First proof of single atomic layer material with zero electrical resistance

Nov 24, 2011
Figure (Left) Temperature dependence of zero bias resistance measured by attaching electrodes to a solid surface substance comprising an indium single atomic layer. The inset shows changes in a wider temperature region. Resistance becomes zero at a temperature of 2.8K. (Right) Bias current-voltage characteristics measured while changing temperature. When the bias current reaches the critical current value (Ic), superconductivity is destroyed and the substance switches to a state having normal resistance. The inset plots Ic and the critical current density (J3D,C) obtained from Ic, as functions of temperature. Copyright : NIMS

A research group at the NIMS International Center for Materials Nanoarchitectonics (MANA) has proved that the electrical resistance of a metal single atomic layer on a silicon surface becomes zero by superconductivity.

A research group led by Dr. Takashi Uchihashi, a MANA Scientist, and Dr. Tomonobu Nakayama, a MANA Principal Investigator, both of the International Center for Materials Nanoarchitectonics, National Institute for Materials Science, Japan, demonstrated that a substance comprising a metal single on a silicon surface becomes free of by superconductivity.

The current mainstream integrated circuits using generate excessive heat during operation, and this is a serious problem from the viewpoints of energy saving and environmental protection. Logic elements using superconductors have attracted attention as an effective candidate which offers a fundamental solution to this problem. On the other hand, research on communication using single employing superconducting devices is also progressing as a means of communication which assures perfect information security. As issues for future practical application, it is necessary to realize high integration and high efficiency, etc. in these respective devices. Refinement and creation of thin films of superconducting materials are considered effective for this purpose.

Focusing on an indium single atomic layer arranged with a special structure on a , the team led by Dr. Uchihashi observed for the first time in the world that the electrical resistance of this substance become zero, and the substance displays superconductivity, when cooled to a low temperature. Furthermore, when the current passing through this substance was increased, it was possible to pass a large current of 6.1*109 A/m2 () at maximum. Based on the principle of superconductivity, it had been anticipated that a superconducting current (=current with zero resistance) would be difficult to pass through the extremely confined and disordered region at the surface of a solid. However, this research overturned that prospect.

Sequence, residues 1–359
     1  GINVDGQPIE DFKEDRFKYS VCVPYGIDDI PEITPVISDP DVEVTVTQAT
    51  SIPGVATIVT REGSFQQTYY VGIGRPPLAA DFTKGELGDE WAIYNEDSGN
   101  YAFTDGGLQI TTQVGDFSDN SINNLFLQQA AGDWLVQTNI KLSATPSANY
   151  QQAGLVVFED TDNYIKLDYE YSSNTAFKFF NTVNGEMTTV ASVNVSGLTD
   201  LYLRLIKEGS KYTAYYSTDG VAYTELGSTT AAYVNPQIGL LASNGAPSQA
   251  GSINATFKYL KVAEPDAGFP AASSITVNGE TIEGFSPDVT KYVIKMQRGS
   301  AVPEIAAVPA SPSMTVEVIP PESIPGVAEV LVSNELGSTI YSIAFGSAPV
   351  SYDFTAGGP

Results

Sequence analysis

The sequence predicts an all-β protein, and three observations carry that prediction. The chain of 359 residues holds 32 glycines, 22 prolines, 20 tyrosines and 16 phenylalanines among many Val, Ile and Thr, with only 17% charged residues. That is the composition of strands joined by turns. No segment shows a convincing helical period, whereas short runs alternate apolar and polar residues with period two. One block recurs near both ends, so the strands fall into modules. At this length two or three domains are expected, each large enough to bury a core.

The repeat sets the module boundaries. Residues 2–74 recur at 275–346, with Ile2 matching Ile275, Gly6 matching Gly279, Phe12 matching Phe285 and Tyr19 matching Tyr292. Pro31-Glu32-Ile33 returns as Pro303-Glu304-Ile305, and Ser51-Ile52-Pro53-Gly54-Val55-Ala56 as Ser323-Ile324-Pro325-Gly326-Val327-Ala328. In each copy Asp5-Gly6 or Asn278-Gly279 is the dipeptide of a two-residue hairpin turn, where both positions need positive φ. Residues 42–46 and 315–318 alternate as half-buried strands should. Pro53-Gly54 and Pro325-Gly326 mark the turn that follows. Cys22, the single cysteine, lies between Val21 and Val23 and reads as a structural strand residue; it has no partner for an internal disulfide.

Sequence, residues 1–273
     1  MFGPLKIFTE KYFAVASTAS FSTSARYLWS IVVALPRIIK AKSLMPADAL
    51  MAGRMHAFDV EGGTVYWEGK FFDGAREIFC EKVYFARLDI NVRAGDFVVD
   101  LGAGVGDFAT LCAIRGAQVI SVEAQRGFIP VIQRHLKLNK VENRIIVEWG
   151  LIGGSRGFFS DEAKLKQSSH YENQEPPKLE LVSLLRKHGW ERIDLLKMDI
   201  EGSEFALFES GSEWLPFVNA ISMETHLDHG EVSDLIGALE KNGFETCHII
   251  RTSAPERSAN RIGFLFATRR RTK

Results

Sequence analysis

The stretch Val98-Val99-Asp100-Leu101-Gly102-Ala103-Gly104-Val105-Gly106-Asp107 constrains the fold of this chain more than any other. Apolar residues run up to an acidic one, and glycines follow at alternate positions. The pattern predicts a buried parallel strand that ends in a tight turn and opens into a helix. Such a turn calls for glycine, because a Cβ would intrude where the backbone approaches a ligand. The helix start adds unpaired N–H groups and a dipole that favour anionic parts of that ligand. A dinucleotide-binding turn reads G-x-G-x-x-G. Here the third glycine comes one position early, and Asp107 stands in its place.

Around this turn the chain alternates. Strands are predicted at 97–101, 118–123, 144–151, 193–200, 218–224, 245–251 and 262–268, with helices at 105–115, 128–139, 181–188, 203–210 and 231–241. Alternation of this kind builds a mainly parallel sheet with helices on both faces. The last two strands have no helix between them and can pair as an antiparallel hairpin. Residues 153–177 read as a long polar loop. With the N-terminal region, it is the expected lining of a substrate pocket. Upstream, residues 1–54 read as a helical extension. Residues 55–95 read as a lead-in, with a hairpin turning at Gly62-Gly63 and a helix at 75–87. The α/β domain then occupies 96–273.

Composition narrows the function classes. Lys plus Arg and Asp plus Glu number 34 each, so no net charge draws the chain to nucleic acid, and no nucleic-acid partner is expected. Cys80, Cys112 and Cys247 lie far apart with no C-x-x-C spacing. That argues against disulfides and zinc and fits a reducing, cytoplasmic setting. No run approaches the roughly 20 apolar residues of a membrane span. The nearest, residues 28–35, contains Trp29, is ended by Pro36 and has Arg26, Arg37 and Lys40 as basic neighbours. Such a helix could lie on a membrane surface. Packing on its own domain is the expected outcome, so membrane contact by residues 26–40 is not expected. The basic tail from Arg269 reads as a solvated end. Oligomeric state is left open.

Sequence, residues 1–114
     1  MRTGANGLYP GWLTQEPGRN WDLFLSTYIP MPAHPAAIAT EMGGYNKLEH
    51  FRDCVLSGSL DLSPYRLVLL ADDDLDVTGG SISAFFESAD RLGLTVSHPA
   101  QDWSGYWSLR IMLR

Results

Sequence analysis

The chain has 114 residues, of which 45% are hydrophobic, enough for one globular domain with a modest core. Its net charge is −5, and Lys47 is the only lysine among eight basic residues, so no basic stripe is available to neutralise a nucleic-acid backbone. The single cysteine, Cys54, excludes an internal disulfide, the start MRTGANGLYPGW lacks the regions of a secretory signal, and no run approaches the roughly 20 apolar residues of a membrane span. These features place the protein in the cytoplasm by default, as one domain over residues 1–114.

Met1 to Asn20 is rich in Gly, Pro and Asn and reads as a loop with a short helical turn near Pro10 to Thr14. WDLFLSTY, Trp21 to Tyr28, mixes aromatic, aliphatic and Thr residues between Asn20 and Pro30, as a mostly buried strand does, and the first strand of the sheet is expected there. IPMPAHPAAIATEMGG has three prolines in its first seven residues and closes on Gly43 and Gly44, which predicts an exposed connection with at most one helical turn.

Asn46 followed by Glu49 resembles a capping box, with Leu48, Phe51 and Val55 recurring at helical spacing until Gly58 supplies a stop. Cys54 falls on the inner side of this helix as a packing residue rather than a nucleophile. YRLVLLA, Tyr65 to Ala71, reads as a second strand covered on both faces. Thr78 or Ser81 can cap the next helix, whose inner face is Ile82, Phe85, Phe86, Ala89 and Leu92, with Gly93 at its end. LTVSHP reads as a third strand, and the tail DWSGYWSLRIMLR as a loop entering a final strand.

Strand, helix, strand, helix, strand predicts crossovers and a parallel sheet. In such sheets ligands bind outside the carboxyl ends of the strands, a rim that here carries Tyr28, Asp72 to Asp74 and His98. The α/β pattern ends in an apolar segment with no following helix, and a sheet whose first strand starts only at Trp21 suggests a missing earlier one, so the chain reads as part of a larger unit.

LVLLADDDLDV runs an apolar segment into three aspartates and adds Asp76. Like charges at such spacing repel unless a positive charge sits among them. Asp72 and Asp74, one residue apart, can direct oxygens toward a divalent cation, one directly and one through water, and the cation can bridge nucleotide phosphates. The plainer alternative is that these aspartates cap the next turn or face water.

This research clarified the fact that the thickness of superconducting materials can be reduced to the ultimate limit of the atomic level. It is considered that this achievement will accelerate research on further refinement/integration of superconducting logic elements and research on higher efficiency/higher speed in superconducting detectors.

These research results are scheduled for publication in the near future as an Editor’s Suggestion in the journal of the American Institute of Physics, Physical Review Letters.

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antialias_physorg
not rated yet Nov 24, 2011
Holy mother of...that is pretty amazing.

Single layer structures should also be open to all kinds of cooling strategies with minimal energy needs.

We may not need to wait for room temperature superconductors after all for this to become commercially viable.

I wonder what shape the magnetic field takes in such single layer superconductors.
Skepticus
not rated yet Nov 24, 2011
I don't keeping prospective ICs at nearly 10 times lower temp than liquid H2 is cheap.
Callippo
5 / 5 (1) Nov 24, 2011
Graphene is single atom layer too and it's known to become superconductive bellow 3 K...
Eikka
not rated yet Nov 24, 2011
6.1*10^9 A/m2 over a conductor that is one atom layer thick?

1 cm by 5 nm is 5*10^-5 sq-m which means that a 1 cm wide strip of the material can pass just 300 milliamps.

That's not a lot.

I suppose you could roll the wire lenghtwise to make it manageable for some meaningful amounts of current. After all, you need a band that is 20 cm wide before you can transmit 6 amps of current or as much as a regular wall socket.
callywally
not rated yet Nov 25, 2011
...
1 cm by 5 nm is 5*10^-5 sq-m which means that a 1 cm wide strip of the material can pass just 300 milliamps.

That's not a lot.
...


But is it enough for a processor?

antialias_physorg
not rated yet Nov 25, 2011
you need a band that is 20 cm wide before you can transmit 6 amps of current or as much as a regular wall socket.

And why would you want to do that?
This stuff is for microchips (i.e. transistor/transistor connections) - not power supply.
Osiris1
1 / 5 (3) Nov 25, 2011
the 'gold rush' for indium is now 'on'. Kudos for the Chinese space program to mine the moon while the world sleeps and the United States snores in blissful ignorance of its future poverty and enslavement.
Graeme
not rated yet Nov 28, 2011
And Indium was used in another story for terahertz transmission of data. Though I don't think it will be worth mining indium on the moon!

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